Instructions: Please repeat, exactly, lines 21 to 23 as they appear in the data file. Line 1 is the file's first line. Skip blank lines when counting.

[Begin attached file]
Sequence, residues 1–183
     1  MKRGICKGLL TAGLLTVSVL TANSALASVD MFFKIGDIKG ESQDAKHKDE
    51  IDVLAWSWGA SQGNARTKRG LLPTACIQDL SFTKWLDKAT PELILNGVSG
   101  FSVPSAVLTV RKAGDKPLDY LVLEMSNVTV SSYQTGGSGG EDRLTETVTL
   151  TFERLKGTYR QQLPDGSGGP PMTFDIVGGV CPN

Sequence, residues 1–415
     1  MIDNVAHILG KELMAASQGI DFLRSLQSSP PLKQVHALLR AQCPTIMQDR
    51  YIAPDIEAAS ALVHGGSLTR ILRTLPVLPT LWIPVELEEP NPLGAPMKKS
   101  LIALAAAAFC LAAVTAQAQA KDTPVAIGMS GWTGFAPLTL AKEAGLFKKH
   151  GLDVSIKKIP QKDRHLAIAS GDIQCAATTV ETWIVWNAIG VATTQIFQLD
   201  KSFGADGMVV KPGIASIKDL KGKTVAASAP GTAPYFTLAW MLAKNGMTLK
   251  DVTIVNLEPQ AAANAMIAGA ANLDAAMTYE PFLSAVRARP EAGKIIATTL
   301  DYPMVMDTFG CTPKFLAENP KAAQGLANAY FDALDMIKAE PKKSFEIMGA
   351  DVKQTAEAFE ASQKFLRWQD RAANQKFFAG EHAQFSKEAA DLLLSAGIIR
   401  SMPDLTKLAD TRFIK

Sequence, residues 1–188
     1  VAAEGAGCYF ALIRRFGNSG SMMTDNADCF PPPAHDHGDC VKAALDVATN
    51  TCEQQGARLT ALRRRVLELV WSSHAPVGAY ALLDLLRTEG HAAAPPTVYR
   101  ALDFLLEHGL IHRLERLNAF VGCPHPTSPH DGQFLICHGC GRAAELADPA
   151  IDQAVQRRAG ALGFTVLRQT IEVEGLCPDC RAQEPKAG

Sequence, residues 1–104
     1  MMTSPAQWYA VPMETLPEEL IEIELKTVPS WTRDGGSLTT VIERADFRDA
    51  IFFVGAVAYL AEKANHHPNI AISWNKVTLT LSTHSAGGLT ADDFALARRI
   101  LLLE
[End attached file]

Sequence, residues 1–104
     1  MMTSPAQWYA VPMETLPEEL IEIELKTVPS WTRDGGSLTT VIERADFRDA
    51  IFFVGAVAYL AEKANHHPNI AISWNKVTLT LSTHSAGGLT ADDFALARRI